Whether or not to crate train your dog is one of the first decisions you’ll need to make when you get a dog. If this is your first dog, you may not know what the benefits are to crate training, or you think it sounds cruel to confine your dog to a crate.
Keep reading to find out what the benefits are and why so many people believe in it.
The Benefits of Crate Training
It’s important to remember that your dog doesn’t see the crate the same way you do. You look at it and see a small confined space that you would be uncomfortable in, and you can’t imagine having to spend a lot of time in.
Your dog sees their very own space. It’s like having their own bedroom. It’s their haven, their safe place. It makes it easier to housetrain them, and helps to establish a routine.
Make the Crate Their Space
Fill the crate with your dog’s toys. Put their blanket in it, and a small bed. They’ll start to recognize the smell and start to see the crate as a happy place.
Get Your Dog Into the Crate With the Door Open
Lure your dog into the crate, but leave the dog open. You can place one of their treats in the crate, toward the back, then praise your dog effusively when he goes into the crate to get the treat. It’s important that your dog go into the crate on his own; don’t physically place him inside the crate yourself. Once he’s in there, praise him loudly and excitedly.
Work Up to Closing the Door
Once your dog has gotten used to being in the crate, you can start closing the door for short times. Start with a very short time, only a few seconds. Then reopen the door and give a lot of praise. Slowly start leaving the door closed for longer and longer times, praising your dog excitedly each time you reopen the door.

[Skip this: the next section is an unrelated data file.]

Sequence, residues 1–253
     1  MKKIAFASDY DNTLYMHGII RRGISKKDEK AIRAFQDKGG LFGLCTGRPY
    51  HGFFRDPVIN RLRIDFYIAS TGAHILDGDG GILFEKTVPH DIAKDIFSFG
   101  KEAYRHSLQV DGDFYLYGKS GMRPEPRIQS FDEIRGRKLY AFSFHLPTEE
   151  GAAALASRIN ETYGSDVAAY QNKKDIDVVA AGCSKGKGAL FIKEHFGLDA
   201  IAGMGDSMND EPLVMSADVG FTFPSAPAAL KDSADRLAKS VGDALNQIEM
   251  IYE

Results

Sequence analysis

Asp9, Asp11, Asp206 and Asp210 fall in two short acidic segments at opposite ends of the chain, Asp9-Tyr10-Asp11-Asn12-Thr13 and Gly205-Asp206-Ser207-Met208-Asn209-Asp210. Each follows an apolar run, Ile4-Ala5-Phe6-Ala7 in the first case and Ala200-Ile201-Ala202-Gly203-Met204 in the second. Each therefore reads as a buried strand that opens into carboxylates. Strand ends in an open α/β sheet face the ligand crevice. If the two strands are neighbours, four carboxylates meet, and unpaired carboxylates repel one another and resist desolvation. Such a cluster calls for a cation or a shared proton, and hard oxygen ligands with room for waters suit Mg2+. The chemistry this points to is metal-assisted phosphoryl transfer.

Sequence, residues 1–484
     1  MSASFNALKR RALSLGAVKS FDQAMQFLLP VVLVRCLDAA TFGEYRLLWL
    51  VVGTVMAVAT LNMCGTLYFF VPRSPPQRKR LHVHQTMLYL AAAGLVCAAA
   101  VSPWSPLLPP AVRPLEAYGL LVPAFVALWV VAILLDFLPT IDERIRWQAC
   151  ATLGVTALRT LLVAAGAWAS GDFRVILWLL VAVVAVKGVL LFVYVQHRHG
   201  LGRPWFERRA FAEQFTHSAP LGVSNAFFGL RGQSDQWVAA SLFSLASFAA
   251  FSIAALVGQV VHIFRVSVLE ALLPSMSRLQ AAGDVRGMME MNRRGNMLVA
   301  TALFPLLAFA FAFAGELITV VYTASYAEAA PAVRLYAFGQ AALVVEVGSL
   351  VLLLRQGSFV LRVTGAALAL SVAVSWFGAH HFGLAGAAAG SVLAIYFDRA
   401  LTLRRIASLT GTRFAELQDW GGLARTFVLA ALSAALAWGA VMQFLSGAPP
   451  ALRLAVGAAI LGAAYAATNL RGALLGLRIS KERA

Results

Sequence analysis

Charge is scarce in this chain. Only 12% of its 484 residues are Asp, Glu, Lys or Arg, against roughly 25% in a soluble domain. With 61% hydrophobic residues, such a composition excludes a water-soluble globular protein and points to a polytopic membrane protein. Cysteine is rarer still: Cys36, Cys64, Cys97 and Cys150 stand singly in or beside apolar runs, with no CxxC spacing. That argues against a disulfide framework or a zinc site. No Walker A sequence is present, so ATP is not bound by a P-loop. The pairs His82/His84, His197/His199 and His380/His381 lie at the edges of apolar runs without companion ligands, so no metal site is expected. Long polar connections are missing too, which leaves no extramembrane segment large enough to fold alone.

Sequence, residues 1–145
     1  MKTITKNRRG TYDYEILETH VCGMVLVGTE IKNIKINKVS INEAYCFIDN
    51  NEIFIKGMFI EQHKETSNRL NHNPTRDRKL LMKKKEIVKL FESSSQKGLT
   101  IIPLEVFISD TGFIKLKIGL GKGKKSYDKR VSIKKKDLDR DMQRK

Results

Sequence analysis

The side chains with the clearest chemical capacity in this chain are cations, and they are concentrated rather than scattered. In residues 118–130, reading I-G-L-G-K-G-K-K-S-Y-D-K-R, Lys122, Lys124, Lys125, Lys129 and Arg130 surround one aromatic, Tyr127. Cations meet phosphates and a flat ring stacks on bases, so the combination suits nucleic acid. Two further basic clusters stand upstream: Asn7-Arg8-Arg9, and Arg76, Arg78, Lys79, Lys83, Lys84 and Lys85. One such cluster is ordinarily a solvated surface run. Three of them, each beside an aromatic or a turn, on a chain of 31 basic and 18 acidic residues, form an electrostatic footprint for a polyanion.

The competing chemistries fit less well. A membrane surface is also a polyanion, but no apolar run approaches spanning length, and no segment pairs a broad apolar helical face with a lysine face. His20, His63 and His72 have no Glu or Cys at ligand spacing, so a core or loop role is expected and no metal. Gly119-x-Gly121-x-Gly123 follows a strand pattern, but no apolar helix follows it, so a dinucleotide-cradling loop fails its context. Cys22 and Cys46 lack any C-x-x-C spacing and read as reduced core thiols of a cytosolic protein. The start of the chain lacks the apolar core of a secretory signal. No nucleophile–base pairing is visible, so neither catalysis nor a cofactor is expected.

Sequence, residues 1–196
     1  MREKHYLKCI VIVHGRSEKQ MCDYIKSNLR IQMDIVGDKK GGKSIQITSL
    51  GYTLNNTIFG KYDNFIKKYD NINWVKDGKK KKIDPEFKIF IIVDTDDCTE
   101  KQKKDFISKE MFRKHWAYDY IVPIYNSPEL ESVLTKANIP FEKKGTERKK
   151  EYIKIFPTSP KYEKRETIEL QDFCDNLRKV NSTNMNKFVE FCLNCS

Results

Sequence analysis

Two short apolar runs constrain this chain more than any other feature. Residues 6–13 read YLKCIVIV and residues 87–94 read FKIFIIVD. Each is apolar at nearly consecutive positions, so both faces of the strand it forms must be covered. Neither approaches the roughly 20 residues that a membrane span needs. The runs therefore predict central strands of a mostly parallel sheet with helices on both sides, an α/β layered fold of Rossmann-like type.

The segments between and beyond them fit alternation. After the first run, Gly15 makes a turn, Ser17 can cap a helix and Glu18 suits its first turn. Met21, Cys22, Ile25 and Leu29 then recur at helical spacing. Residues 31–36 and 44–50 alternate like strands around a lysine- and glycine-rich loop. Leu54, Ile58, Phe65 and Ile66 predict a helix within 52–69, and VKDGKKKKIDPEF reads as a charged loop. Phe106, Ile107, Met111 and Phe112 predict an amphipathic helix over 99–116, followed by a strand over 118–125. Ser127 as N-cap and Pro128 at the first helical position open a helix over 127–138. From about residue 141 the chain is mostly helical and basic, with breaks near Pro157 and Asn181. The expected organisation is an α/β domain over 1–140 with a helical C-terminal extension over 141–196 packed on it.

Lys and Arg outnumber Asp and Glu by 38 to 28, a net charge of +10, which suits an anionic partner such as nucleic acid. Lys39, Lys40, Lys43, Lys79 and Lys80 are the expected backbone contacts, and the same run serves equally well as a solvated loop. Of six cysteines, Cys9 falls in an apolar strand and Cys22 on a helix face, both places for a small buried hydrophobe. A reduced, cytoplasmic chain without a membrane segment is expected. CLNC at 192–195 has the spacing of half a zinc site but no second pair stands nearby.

Leave the Room
Once your dog is comfortable with being in the crate with the door closed, start getting him in there, closing the door, and then leaving the room. Start slowly. Leave the room for no more than a minute, then come back.
If your dog is whining or acting upset, don’t immediately open the crate door. If you do, your dog will start to think he can get what he wants by acting this way. Remain calm, and get your dog to calm down, then open the crate door.
Once your dog is used to you leaving the room while he’s in the crate, start leaving the house. By now your dog should be used to being alone in the crate for at least a few minutes, so maybe try at least a quick trip somewhere.
Types of crates
The type of crate you choose for your dog depends on the type of dog you have and your goals. Wire crates are the type most people choose, with good reason. They’re good for most dogs, and they usually have removable plastic trays to make it easy to clean.
Dogs have been known to escape them, depending on the type of latch, and they’re not very pretty, but they’re the most-used type for a reason.
Plastic crates aren’t much prettier, but they tend to keep dogs confined better. They’re not great for longer periods of time, though, because the air circulation isn’t as good as the wire crates.
Soft-sided crates aren’t good if your dog is a chewer. They’re easy to store and easy to travel with, but those are the only positive qualities.
Decorative crates are usually made of wood and are the prettiest of the bunch. They’re not good for chewers, though.
This process can take a while. Don’t get discouraged if your pup doesn’t take to the crate immediately. And never, NEVER use the crate as punishment. This crate is your dog’s safe place. It should never be anything else.